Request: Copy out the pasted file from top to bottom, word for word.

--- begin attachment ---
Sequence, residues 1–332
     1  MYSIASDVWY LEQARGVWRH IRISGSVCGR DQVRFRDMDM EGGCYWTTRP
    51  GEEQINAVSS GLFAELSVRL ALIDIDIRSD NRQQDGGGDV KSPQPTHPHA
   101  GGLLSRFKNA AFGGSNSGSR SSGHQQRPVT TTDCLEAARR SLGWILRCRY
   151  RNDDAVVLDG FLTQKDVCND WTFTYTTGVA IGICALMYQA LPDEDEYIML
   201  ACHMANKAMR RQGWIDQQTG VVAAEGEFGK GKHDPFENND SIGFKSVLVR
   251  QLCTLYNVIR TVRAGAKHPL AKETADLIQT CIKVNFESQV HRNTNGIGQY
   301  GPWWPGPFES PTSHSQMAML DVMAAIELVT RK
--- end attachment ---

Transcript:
Sequence, residues 1–332
     1  MYSIASDVWY LEQARGVWRH IRISGSVCGR DQVRFRDMDM EGGCYWTTRP
    51  GEEQINAVSS GLFAELSVRL ALIDIDIRSD NRQQDGGGDV KSPQPTHPHA
   101  GGLLSRFKNA AFGGSNSGSR SSGHQQRPVT TTDCLEAARR SLGWILRCRY
   151  RNDDAVVLDG FLTQKDVCND WTFTYTTGVA IGICALMYQA LPDEDEYIML
   201  ACHMANKAMR RQGWIDQQTG VVAAEGEFGK GKHDPFENND SIGFKSVLVR
   251  QLCTLYNVIR TVRAGAKHPL AKETADLIQT CIKVNFESQV HRNTNGIGQY
   301  GPWWPGPFES PTSHSQMAML DVMAAIELVT RK